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WORDS: Vincent Flanagan | PHOTOS: Shu Takenouchi, Kei Tsuji
In the early 9th century a leading Buddhist monk in Kyoto, the Imperial Capital at the time, learned of small mountain top plateau surrounded by 8 small peaks and said to resemble the shape of a lotus plant. This learned and reverent monk, Kobo Taishi, was given Imperial sanction to establish a monastic complex on the plateau and became known as Koya San (Mount Koya ). This small town is located South East of Osaka city in Western Japan. There are now over one hundred temples in this sacred town surrounded by deep forest. It is the centre of the Shingon Buddhism Sect and a special place of pilgrimage for their many faithful followers. The natural serenity of the surrounding forest mixed with the spiritual significance of the town make Koya san a memorable and worthwhile destination.
Pilgrims heading towards Koya San on different routes from across western Japan converge at Kawachi Nagano in southern Osaka. It is a rough place where the local folk have a no nonsense attitude to both work and play and their dialect is as direct as a thrusting samurai sword. There is not the subtle formality here as you would encounter in Kyoto or Nara. We begin our ride from this town and like the pilgrims we must venture over the mountain behind us, cross a valley and travel up the steep slopes towards the temples on the mount. Then forge a different trail back to our start point.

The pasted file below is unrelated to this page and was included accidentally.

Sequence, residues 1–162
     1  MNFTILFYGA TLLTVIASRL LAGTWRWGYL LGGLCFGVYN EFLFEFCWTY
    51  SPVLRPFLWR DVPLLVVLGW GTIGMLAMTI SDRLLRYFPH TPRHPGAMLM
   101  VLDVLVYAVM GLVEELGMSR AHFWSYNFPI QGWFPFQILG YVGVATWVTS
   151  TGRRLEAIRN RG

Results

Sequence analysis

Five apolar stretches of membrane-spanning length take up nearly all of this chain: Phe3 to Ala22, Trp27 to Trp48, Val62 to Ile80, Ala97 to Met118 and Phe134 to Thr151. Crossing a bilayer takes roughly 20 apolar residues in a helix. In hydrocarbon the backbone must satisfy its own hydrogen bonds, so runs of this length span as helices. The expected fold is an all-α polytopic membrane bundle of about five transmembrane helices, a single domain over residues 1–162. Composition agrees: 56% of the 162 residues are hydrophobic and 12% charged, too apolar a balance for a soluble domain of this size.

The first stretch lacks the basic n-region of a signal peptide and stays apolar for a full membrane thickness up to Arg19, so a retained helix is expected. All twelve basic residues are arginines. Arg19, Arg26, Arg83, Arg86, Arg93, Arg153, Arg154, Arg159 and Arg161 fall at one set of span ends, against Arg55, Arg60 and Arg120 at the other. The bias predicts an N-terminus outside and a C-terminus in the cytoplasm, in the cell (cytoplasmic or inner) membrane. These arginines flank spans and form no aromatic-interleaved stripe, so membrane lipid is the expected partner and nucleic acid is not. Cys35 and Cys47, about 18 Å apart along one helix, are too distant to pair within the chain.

The start point is the train station, it too is a junction for two railway lines and also place to begin the journey to Koya San. There were some other cyclists there and it was interesting to read their expressions as we looked at each other, acknowledged each other, and wondered where might you be pedaling to today. We slowly ride away from the busy station round-about and look for the old road Rte 170 as it heads southwest towards the coast. Japan is an ever changing place with constant renewal and development. In the city what was once rice fields have been covered over and morphed into medium housing developments. New roads and structures are constantly appearing. Road atlas is out of date with in 10 years. Yea, better update that $3000 navigation system on the dash board. That said, the abundance here of roads both new and old gives us an enormous option to choose a route that can be amazingly free of traffic. Our legs reacting sluggish in the cool late winter air and keeping an easy tempo so not get too bushed before we begin our first real climb. All of us are unfamiliar to this part of the route and rely on our cue sheet not to get waylaid. Even on a weekend the cars are not so numerous or bothersome.